Although, i would recommend the first one (Pago la pizza, pago las vacaciones), it's simpler, shorter, neater
The second option, to my tasting, is a little bit too... Defensive, as if you were fighting for the custody of something ("YO PAGUÉ POR ESAS VACACIONES!" - I paid for those vacations!) And all in all, "por" might or not be there -- depends on you, how you want to sound, where you are.
I still recommend the 1st one :).
Yes, what is convenient is that you will pay the hotel for the hotel.
If you decide to say who you are paying then you might want to say that you are paying that person for the item. Otherwise if you don't mention whom you are paying, it looks as though you don't need to say "por" because it is built into the verb.
The listener seems to understand that you are paying (the appropriate person to whom you would normally pay this to, for) the item.
You may want to indicate "por" whenever it could be ambiguous whether the noun following is the recipient of the money or what is being paid for or just to emphasize that this is what is being paid for.
You can even have a sentence in which you pay money (direct object) to someone (indirect object) for something or some service (object of preposition "for" in English.
In English you must use "for", but it is not required in Spanish especially if it is the only object.
If you don't specify another object or service that you are paying for, then what would you assume that you would be paying the hotel for? I would assume I was paying the hotel bill to the hotel. Which can also be worded as "I am paying for the hotel." (of course to the hotel)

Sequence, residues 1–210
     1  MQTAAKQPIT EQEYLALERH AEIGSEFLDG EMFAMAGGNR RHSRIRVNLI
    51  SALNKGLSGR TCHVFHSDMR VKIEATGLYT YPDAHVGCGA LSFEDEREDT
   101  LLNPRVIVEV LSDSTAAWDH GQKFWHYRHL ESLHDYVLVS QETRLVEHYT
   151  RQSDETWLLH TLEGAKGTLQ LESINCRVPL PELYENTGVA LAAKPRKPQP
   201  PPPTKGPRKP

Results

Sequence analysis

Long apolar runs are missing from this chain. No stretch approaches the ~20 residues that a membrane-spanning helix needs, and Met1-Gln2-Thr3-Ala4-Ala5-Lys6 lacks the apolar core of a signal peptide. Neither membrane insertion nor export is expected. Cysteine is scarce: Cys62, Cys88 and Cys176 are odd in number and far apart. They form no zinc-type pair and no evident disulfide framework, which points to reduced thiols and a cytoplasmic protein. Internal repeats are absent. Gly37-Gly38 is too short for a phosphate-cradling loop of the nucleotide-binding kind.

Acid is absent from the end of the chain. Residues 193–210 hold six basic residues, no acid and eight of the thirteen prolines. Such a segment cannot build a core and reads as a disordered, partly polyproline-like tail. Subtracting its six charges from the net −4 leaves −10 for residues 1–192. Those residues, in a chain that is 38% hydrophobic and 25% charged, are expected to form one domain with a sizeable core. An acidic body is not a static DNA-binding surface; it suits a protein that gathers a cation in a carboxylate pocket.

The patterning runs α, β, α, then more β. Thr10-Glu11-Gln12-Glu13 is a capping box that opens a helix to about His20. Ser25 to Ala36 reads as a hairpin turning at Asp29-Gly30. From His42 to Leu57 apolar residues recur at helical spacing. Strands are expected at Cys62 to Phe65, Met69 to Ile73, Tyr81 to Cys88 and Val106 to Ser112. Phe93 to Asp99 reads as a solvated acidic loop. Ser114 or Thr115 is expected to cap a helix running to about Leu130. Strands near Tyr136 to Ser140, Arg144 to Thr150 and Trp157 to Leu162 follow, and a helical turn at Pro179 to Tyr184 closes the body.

I think you mean "Por" and "Pagar"
"Pago la pizza" is simply "I pay the pizza" "Pago por la pizza" is "I pay for the pizza"
Or "Lo hice por teléfono", which is "I did it OVER the phone"
"Por" as in for something, or by means of something
And please, as a last tip, you don't really need to use the personal pronoun "Yo pago la pizza" It's redundant, ugly, not useful, and wastes letters Unless you want to emphasize "who?", you don't really use personals; Spanish is pro-drop.
"¿Quién está pagando el hotel?" = "Who is paying FOR the hotel".
"¿Quién paga el hotel? = "Who pays FOR the hotel?"
"pagar" = to pay FOR
The word "for" is part of the verb.
I know it can also mean just "to pay", but in this sentence we need the word "for" in English.
It is acceptable with or without "por". It varies by region. Some people use "por"; other do not.